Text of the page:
The Recruits will also get the pay raises mentioned above (5% – 2023, 5% 2024, and 5% 2024).
Lateral hires are police officers who have already been trained, are POST certified by another police department, and have been working as a police officer in another jurisdiction. Lateral hires can be put to work much faster than new recruits. While new recruits are valuable, lateral hires can get to helping our current officers faster.
New Recruits are hired and when there are enough Recruits, they attend 4-6 months of training by the Police Academy. Once that training is complete, the Recruits then have to complete Field Training. Field Training is conducted by veteran police officers and is on-the-job training. They ride in real police cars, carry real guns, and answer real calls for service. Lateral hires, however, might only have to go to the Academy for 1 or 2 months. That way they can get any legal updates they may need and they can learn what the New Orleans Police Department expects from its officers. Once they get out of the Academy, lateral hires don’t need all of the same field training. They just need to learn the differences in how NOPD handles the radio or writes a report, etc.
If the NOPD keeps losing officers at the rate they are going, we will have to schedule a fire sale and call it a day. Everyone recognizes the NOPD has to keep its current, experienced employees. This was a problem similar to the one we had in the 1990s. In the 1990s, crime was out of control and manpower was lower than it needed to be. In the 1990s, Chief Richard Pennington was appointed by Mayor Marc Morial. The NOPD looked a lot like it does now. Morial and Pennington hired John Lindner and many changes were made and it was successful (for the most part).
The big difference between now and the 1990s was that in the 1990s, the problems belonged to New Orleans. Now, however, the problems belong to many departments across the nation. The NOPD is going to have to be bolder and work harder to get out of this hole. I believe today was a good start.
Mayor Cantrell has hired John Lindner again. John Casbon of the NOPJF is in the mix again. They also brought in Fausto Pacheco, formerly chief of patrol for NYPD as COO. Someone whose job is to make an inherently dangerous job less dangerous.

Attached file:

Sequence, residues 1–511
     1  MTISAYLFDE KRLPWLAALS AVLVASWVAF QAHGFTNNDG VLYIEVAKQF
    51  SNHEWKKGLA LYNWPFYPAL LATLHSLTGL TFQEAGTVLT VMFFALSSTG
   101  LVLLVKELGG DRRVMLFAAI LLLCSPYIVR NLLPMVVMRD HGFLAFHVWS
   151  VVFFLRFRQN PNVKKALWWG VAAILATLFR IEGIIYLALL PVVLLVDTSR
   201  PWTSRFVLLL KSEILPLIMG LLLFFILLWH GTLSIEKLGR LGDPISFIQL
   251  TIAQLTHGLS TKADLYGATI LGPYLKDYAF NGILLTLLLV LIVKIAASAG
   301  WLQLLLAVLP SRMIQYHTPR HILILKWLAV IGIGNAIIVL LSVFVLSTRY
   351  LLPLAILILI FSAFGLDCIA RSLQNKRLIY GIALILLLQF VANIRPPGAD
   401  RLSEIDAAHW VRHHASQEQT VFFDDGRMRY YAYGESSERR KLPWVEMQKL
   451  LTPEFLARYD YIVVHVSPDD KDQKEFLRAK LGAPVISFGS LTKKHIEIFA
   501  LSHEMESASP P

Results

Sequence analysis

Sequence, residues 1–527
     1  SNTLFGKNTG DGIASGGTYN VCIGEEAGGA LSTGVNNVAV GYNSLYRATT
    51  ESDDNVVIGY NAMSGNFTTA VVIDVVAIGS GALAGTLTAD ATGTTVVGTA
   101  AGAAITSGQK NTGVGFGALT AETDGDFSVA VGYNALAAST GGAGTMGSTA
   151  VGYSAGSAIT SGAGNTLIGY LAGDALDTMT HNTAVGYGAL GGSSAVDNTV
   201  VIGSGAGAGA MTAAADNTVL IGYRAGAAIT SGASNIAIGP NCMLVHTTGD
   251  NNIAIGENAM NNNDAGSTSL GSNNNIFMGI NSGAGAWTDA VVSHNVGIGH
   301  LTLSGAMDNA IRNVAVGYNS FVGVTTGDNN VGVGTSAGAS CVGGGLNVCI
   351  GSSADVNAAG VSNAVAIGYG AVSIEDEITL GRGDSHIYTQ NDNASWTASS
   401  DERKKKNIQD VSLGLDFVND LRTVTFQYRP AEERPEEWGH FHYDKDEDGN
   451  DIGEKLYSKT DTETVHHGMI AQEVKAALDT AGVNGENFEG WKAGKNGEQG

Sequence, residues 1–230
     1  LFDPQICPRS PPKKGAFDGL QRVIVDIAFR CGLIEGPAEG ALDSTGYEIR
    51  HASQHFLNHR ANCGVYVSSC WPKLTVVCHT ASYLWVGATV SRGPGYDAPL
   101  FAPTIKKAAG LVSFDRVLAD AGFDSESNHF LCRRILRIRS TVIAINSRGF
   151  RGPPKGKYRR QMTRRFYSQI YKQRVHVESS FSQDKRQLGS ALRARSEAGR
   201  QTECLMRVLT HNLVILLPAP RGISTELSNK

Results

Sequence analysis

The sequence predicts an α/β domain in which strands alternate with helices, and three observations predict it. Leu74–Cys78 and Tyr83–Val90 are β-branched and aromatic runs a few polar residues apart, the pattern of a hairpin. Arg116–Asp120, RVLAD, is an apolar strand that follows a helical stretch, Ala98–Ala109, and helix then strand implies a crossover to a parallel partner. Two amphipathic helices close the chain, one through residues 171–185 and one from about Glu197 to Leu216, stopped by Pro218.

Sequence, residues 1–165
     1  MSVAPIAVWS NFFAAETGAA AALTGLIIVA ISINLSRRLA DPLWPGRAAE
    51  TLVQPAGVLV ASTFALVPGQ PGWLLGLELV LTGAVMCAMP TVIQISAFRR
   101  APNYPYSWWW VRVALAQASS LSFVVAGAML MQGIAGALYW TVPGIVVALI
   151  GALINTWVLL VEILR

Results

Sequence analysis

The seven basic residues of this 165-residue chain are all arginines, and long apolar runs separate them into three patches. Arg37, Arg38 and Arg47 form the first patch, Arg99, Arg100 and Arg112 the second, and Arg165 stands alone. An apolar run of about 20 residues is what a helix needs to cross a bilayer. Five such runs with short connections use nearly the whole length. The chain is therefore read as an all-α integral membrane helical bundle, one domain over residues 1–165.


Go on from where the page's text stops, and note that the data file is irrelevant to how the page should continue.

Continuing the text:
The administration has changed the Public Integrity Bureau. PIB was the product of Chief Arlinda Westbrook. Now, PIB will be the product of Keith Sanchez, who was hired to replace Chief Westbrook.
Current officers will be eligible for the following benefits:
Current officers will still get the retention bonus to be paid in March 2023.
Current officers will get the 5% raises.
Current officers will get a Cost of Living payment this year. (2022)
Current officers will no longer have to pay health insurance premiums.
In addition, current employees:
Current officers will also get $10,000 in 2025.
They will be working on educational incentives
Improved equipment to include take-home cars
Facility upgrades and repairs
The financial incentives listed above for Recruits, Laterals, and Current employees should give the NOPD the type of advantage it needs to address the current crisis.
I was cutting my grass, listening to the First Thursday podcast. The First Thursday podcast is hosted by Will Aitchison. Once a month, Will talks about legal issues from around the country that impact law enforcement. Will runs the Labor Relations Information System which tracks issues related to collective bargaining and discipline for law enforcement and fire personnel. Will is widely respected and I like to listen to his podcast every month. Will also wrote The Rights of Law Enforcement Officers, which is a fantastic book on many of the issues we attorneys deal with regularly here in New Orleans. I have had the opportunity to meet Will and hear him speak. I am comfortable saying that Will knows what he is talking about.
At about 45:00 into the July First Thursday podcast, Will started talking about a case involving Sgt. Willie Jenkins. I knew that case at once. It was one that Ted and Claude won. The win got Willie 5 days of pay back. We really win more than we should, statistically speaking.